Tuesday, February 27, 2018

The Most Famous Andean Temple – Part I

-->Qorikancha (Intikancha), the famous Sun Temple of Qosqo (Cusco) from the Amayra Qusqu Wanka, meaning “Rock of the owl,” was and is in practice a synthesis of the Incan organization, architecture and religion; that had already reached the summit of their level by 1438. It possibly represented the "Navel of the World"; therefore, the world's center in the pre-Hispanic Andean Cosmovision.
Watanay Valley, or Cuzco Valley, today with Wayna Tawqaray on th slopes of the distasnt slope; Muyu Urqu, or “circle mountain,” the hill on the right; Watanay River flows at the base of these two slopes

According to Inca history, it was the first Inka, MankoQhapaq who built the original temple in the Watanay Valley (Qosqo Valley). It is claimed that in 1438 the ninth Inka, Pachakuteq, reconstructed, enlarged, improved and modernized the most important religious complex of the vast Incan Society. There are certain discrepancies about the original name of the site that cause some confusion. Frequently in chronicles and historical treatises the name Intiwasi is listed, (inti= sun, wasi= house), which means "Sun House"; also the name Intikancha is used, which means "Sun Palace" (this is considering that almost all Inkan palaces had the noun "Kancha"). However, its most popular name is Qorikancha, which means "Golden Palace". According to Maria Rostworowski (Tovar de Diez Canseco), a Peruvian historian and Inca Empire researcher, the ancient temple was known as "Intikancha" and after Pachakuteq as "Qorikancha".
The Qorikancha, the ancient Pre-Inca Temple upon whose ruins the Santo Domingo Church and monastery was built by the Spanish conquerors

All the chroniclers appear to agree that the quality of the building was extraordinary, made with gray basaltic andesites coming from the quarries of Waqoto and Rumiqolqa. The walls have the "Sedimentary" style that is the height of architectural expression in pre-Columbian America. The stones are between medium to large which outer surface is rectangular; the structure is straight horizontal that in the most important temples exhibit side views with marked convexity. The joints between stones are polished, so perfectly made that not even a razor blade can be inserted between them.
    The cross section structure is "tied up” with "H" shaped bronze clamps or clips in the internal joints that fastened together the lithic pieces avoiding harmful horizontal displacements in case of earthquakes. The wall also have a decreasing vertical structure, that is, with bigger stones in the lower part and every time smaller toward the top. The walls are wider in the base than on the top; with the classical inclination inward balanced with the trapezoidal shape of doorways, niches and openings. Those characteristics make the walls support themselves forming a resistant, solid, anti-seismic structure that was able to resist the two huge earthquakes after the Spanish invasion, in 1650 and 1950 that destroyed every colonial building.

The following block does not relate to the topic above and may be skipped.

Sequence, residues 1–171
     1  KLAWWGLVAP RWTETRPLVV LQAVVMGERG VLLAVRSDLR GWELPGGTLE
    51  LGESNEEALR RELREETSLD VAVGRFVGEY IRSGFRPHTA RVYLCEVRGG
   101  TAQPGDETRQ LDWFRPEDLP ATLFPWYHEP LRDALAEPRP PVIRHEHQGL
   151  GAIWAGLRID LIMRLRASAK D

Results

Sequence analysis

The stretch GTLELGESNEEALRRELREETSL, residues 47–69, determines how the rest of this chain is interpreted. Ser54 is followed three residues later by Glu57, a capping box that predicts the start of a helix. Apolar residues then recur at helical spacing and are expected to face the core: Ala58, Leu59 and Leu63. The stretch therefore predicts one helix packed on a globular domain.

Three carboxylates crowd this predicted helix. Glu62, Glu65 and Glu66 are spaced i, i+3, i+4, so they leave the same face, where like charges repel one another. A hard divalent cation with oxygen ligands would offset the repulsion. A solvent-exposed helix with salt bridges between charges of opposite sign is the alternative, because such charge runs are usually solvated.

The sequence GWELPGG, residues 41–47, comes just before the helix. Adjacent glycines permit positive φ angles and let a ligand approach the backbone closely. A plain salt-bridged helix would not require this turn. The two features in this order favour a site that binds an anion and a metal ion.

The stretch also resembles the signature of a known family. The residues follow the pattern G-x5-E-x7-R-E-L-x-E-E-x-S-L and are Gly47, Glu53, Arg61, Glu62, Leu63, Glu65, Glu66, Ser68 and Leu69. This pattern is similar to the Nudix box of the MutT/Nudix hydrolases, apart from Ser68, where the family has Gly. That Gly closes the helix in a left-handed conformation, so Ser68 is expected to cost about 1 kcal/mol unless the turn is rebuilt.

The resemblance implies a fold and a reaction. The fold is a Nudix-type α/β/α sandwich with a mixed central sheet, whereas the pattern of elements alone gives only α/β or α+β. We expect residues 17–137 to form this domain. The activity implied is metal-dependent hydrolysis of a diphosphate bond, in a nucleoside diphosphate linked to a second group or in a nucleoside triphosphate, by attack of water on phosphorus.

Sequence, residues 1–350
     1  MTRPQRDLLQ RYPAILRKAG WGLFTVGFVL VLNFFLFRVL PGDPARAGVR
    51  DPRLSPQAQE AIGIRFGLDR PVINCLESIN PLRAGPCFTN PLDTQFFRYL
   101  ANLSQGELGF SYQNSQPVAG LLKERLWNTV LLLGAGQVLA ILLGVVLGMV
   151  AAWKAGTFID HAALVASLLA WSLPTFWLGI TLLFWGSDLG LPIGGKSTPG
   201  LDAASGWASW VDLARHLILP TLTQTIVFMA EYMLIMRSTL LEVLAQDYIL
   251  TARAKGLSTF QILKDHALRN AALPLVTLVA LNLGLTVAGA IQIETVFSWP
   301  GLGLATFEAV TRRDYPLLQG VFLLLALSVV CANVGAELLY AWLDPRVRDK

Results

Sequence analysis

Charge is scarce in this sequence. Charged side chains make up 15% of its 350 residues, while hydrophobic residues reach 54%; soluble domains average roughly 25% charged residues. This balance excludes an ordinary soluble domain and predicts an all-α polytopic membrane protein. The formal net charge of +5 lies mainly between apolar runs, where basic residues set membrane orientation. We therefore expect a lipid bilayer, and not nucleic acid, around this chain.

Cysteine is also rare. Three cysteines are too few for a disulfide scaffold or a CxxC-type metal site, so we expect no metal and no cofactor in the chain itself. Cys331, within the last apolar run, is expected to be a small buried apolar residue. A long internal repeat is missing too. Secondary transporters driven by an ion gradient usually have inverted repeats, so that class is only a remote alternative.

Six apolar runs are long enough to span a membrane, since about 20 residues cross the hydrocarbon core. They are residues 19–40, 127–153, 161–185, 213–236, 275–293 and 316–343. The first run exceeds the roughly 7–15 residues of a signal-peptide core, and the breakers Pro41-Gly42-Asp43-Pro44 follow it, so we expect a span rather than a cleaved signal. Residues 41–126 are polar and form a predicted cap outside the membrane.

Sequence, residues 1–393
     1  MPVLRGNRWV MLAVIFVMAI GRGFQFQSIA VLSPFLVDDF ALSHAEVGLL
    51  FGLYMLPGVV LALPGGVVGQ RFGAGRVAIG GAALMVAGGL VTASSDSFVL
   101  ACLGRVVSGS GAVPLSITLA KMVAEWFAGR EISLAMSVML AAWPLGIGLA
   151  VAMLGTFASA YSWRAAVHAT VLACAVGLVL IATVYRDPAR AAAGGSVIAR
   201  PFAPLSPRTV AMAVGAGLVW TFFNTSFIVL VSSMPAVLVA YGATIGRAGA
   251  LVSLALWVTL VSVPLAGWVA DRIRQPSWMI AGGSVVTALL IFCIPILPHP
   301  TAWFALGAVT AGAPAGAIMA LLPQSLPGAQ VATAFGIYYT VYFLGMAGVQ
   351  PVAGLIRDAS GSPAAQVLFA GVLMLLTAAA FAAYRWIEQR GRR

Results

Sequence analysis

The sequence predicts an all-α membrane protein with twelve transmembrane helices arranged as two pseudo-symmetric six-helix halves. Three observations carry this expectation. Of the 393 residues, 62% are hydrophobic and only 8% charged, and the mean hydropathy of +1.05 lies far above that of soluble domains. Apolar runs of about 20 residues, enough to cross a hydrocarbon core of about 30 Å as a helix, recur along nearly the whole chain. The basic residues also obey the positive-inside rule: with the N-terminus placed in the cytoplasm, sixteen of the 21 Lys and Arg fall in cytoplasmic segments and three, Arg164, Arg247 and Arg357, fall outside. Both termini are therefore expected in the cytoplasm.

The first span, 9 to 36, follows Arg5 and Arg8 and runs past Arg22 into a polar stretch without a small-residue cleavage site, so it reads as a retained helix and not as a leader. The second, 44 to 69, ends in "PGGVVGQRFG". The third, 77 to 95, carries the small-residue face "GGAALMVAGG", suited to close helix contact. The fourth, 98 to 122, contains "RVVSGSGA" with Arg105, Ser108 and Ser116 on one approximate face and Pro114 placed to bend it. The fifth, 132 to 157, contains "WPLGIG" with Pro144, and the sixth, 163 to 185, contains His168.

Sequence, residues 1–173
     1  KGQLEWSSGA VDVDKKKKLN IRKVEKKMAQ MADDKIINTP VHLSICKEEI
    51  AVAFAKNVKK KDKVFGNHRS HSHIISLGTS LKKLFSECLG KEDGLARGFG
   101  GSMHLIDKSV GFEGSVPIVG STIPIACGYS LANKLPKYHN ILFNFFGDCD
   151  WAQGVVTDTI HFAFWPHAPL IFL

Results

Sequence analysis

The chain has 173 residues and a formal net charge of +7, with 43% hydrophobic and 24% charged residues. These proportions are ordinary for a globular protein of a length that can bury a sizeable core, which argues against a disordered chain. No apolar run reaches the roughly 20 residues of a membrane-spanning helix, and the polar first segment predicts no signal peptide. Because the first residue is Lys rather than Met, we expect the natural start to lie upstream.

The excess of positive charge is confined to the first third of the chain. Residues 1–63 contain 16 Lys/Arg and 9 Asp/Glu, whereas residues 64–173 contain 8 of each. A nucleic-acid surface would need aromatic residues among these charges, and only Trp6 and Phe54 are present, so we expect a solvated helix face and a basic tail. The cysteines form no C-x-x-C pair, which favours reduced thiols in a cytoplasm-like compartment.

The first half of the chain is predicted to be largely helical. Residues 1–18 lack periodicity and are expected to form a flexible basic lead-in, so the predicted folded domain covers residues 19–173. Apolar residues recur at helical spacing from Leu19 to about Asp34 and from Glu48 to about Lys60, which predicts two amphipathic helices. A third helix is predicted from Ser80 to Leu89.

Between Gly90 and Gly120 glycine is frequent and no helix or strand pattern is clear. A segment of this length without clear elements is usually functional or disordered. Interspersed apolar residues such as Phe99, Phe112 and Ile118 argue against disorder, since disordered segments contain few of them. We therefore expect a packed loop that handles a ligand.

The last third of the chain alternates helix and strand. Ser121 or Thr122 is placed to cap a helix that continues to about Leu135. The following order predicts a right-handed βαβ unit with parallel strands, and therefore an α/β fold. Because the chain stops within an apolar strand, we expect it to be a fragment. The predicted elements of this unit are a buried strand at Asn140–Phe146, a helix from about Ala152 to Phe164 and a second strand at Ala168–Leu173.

Today in some of these walls there are a few cracks, that are not a result of bad calculation or technique of the Quechua architects, but simply, consequence of changes carried out in colonial times, the earthquakes and mainly exposition to inclement weather and erosion after all of them. According to some studies the finely carved stone walls had a continuation of sun-dried mud-bricks on the top forming very steep gable ends in order to enable drainage of rain waters. The roofing was thatched made in wood and "ichu" the wild Andean bunch grass, with eaves projecting out about 5 ¼  feet, and roofs often covered on festive days with showy multicolored rugs made with special feathers.
    Graziano Gasparini, the distinguished historian of architecture, conducting a series of lectures in Cuzco in 1975, claimed that the “gold edging” often mentioned by chroniclers, which served as a crown surrounding the whole outer upper side of the temple, which dissembled the difference between the fine stone wall and the upper adobe wall. The complete floor in the open areas of the temple were covered with finely paved flagstones while the floors inside the enclosures were made with kilned clay as a solid ceramic block like the treated floors found in Machupicchu.
    The temple's main gate faced toward the Northeast; almost in the same position of the present-day entrance to the Santo Domingo (St. Dominic) Convent, overlooking the Intipanpa ("Sun Plaza") that occupies the small park in front. According to chroniclers this was a religious complex constituted by temples dedicated to different deities. It had a layout very similar to that of a classical "kancha"; with enclosures around a central patio where according to Cieza de Leon, every doorway was veneered with gold plates.
Remains of the Qorikancha, now the foundation below Spanish colonial construction of the church and monastery of Santo Domingo

The Sun Temple stood out in the complex, covering the space occupied today by the Santo Domingo Church. Its eastern end was completely demolished while the western one still subsists partially forming what is known as "solar round building", that is, the original ancient Peruvian semicircular wall overlooking the present-day Arrayan street and the Avenida el Sol.